Unlike Laws, Rules can't or shouldn't be second-guessed, so have to be run 'at source' or 'inside the Entity', then the new State distributed to both the Observing Entities and to all the render engines.
But render engines are actually Observing People Entities..
People are First Class
In Virtual Worlds, we have People avatars: People are first class Entities. People can Observe and can change State, but it's a real user doing the animation, not a set of Rules. Observation and State change by a Person is implemented through the render engine.
Although self-animated, People can still make use of Laws. For example Laws can be invoked to allow gestures to be easier to make and to look better, and to allow People to 'run forward' rather than putting their 'left foot forward, ..'. Avatar skills become global Laws which can be triggered by an avatar's State animated by a user.
The Universe Wide Web
The Universe Web I've just described is a lot like the World Wide Web:
- An Entity is like a Web Resource
- The State of an Entity is like an HTML Web Representation of a Web Resource
- A Link in an Entity's State is like a Web URL inside an HTML Web Representation
- Rule sets are like PHP scripts or Java servers
- A State Observation is like a Web Representation Transfer
A crucial difference between the Resource Web and the Entity Web is that, here it's another Entity doing the Observation. One Entity transfers its State to another.
It's as if the GET or POST has another Entity 'at the client end'. GET is like an Entity subscribing or Observing; POST is like an Entity publishing or notifying its State to another (an HTML form has a content type, too).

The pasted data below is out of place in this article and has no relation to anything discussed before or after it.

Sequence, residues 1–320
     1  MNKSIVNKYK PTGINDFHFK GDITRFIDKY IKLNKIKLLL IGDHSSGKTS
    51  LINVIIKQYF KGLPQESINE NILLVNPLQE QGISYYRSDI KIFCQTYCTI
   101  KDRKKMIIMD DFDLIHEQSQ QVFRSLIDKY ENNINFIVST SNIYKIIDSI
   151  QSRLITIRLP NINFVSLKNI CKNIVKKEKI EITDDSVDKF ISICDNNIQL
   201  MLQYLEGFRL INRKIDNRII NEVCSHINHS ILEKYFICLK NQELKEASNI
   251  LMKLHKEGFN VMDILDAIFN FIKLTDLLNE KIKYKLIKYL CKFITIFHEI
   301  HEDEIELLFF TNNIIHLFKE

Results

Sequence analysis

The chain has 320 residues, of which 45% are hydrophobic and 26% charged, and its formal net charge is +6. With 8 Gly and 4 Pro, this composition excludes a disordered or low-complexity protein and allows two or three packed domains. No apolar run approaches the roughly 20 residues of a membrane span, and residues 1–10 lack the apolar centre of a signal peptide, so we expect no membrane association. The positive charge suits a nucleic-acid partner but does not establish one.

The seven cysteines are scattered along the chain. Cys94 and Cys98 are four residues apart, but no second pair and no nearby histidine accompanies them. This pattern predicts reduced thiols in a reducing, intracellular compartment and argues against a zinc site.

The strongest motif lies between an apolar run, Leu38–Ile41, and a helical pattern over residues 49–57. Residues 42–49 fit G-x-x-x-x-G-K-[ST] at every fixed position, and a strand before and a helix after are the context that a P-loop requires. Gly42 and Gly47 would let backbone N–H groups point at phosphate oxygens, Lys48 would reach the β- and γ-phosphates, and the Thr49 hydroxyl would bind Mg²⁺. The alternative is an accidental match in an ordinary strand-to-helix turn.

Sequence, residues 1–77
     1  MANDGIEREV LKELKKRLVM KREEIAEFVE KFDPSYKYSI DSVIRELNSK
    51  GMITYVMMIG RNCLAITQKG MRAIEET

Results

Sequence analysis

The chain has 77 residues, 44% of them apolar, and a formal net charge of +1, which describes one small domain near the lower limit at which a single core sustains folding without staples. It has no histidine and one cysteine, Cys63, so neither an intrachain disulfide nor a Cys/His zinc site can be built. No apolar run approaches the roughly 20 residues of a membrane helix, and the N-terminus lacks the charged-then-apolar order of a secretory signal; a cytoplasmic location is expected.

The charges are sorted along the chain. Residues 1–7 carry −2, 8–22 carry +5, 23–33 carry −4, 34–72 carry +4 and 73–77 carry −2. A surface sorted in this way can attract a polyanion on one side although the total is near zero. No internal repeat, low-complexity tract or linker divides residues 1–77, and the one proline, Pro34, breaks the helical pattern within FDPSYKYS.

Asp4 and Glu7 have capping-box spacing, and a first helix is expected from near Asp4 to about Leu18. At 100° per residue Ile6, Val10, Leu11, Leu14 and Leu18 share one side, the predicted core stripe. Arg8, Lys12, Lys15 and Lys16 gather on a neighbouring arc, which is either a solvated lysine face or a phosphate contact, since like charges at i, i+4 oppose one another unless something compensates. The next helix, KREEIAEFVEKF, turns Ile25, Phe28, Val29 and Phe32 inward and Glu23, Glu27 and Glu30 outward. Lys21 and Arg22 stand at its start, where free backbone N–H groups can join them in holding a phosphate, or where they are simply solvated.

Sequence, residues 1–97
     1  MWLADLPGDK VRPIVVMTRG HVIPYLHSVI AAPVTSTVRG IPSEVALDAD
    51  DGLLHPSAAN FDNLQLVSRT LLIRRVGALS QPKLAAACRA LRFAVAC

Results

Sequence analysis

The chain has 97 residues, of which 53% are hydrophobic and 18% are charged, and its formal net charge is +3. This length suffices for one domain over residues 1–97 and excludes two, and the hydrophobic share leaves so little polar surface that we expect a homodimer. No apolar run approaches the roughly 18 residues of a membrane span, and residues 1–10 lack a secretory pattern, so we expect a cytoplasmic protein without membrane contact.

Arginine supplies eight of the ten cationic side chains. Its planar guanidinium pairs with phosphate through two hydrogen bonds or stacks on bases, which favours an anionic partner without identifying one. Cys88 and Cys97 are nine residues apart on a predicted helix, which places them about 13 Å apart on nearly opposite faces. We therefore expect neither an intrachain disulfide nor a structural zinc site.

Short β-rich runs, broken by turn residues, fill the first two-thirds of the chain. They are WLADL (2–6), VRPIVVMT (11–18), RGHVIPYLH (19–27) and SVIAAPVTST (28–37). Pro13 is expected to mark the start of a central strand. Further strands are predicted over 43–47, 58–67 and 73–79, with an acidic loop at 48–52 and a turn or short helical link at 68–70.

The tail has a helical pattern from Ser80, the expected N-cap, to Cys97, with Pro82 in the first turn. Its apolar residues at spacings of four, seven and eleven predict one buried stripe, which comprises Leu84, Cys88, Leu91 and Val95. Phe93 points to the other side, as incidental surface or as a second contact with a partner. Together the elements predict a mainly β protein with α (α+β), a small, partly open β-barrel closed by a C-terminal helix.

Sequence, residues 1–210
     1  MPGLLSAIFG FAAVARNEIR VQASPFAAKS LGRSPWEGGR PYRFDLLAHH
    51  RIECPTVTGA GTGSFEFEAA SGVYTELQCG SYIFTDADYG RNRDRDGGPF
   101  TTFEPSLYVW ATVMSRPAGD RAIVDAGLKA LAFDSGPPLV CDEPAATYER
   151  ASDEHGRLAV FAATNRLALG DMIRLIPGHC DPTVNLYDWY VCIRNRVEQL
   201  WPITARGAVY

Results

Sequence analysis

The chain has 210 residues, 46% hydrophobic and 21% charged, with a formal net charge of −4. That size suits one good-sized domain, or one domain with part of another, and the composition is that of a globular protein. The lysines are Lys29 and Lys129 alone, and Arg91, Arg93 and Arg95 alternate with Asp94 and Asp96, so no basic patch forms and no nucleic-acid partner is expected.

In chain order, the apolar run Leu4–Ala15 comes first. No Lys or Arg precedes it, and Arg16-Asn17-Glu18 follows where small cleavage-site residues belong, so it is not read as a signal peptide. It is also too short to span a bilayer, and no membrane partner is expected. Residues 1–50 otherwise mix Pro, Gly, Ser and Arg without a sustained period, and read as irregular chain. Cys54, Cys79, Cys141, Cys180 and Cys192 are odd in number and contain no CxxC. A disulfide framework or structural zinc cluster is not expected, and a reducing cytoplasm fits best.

People are just examples of that Entity 'at the client end'. Instead of a user hidden behind a client browser, we have first-class People Entities doing 'GET's and 'POST's: Observing the Virtual World and acting (i.e., changing State) within it. Other examples are foxes and clocks.
Notation and Protocol
There are two open standards we need to have in progress while implementing the Universe Web: the notation and the protocol (our HTML/URI and HTTP).
Firstly, we have to define the notation for Entities and their Rules. Both the State of Entities and the Rules that animate them will be written in the same notation: a Rule talks directly about State. To me, basing that on JSON (rather than XML) is a clear choice. Add inter-JSON Entity Links (essentially UUIDs), then work out a simple JSON Rule language. We will then need to define JSON 'schemas' for the kinds of Entity we would model. These can be written in the Rule language itself.
Secondly, to define the protocol for Entities to Observe or subscribe to one another. It will be a 'symmetric, asynchronous HTTP' - a Peer-to-Peer, Publish-Subscribe protocol. UDP and Multicast stand out for this kind of interaction. A packet will subscribe, a packet will return current State, a subsequent packet will multicast State updates. We can re-use all the HTTP cache headers, only now we can push updates into caches and into render programs. Packets will inevitably end up tunnelled through TCP and HTTP, mind...
This lighter notation, which also breaks the data up into smaller pieces, and this multicast pushing of State change into caches, along with P2P-style operation, will mean the Universe Web scales even better than its parent.
Also, programming declaratively using Rules is both highly productive and further cleanly scalable through parallel processing.
Building the Universe Web
So that's my Universe Web. It's basically the same as the World Wide Web and thus as scalable, linkable and interoperable. It comes with added symmetry: Entities, including People as avatars, exchange State in each direction.
It's a two-way data Web, not a one-way document Web.
I've started work on the Universe Web: the notation, the protocol and the implementation (in C, for portability across platforms, including mobile). Contact me if you want to help!